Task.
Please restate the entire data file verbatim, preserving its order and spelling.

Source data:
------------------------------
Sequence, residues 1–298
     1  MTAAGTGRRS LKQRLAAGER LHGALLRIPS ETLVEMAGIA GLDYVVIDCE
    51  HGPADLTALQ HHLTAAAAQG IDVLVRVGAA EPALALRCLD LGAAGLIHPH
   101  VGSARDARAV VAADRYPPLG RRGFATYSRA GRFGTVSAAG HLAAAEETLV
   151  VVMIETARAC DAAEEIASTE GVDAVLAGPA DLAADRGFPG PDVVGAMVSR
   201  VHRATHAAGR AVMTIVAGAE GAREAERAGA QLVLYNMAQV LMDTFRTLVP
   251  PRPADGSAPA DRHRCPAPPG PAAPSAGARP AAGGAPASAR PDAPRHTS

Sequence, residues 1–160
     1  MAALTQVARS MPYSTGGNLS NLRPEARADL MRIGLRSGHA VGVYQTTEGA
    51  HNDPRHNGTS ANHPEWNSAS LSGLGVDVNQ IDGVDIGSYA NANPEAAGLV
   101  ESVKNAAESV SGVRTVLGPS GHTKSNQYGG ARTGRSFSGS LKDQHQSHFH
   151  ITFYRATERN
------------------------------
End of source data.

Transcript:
Sequence, residues 1–298
     1  MTAAGTGRRS LKQRLAAGER LHGALLRIPS ETLVEMAGIA GLDYVVIDCE
    51  HGPADLTALQ HHLTAAAAQG IDVLVRVGAA EPALALRCLD LGAAGLIHPH
   101  VGSARDARAV VAADRYPPLG RRGFATYSRA GRFGTVSAAG HLAAAEETLV
   151  VVMIETARAC DAAEEIASTE GVDAVLAGPA DLAADRGFPG PDVVGAMVSR
   201  VHRATHAAGR AVMTIVAGAE GAREAERAGA QLVLYNMAQV LMDTFRTLVP
   251  PRPADGSAPA DRHRCPAPPG PAAPSAGARP AAGGAPASAR PDAPRHTS

Sequence, residues 1–160
     1  MAALTQVARS MPYSTGGNLS NLRPEARADL MRIGLRSGHA VGVYQTTEGA
    51  HNDPRHNGTS ANHPEWNSAS LSGLGVDVNQ IDGVDIGSYA NANPEAAGLV
   101  ESVKNAAESV SGVRTVLGPS GHTKSNQYGG ARTGRSFSGS LKDQHQSHFH
   151  ITFYRATERN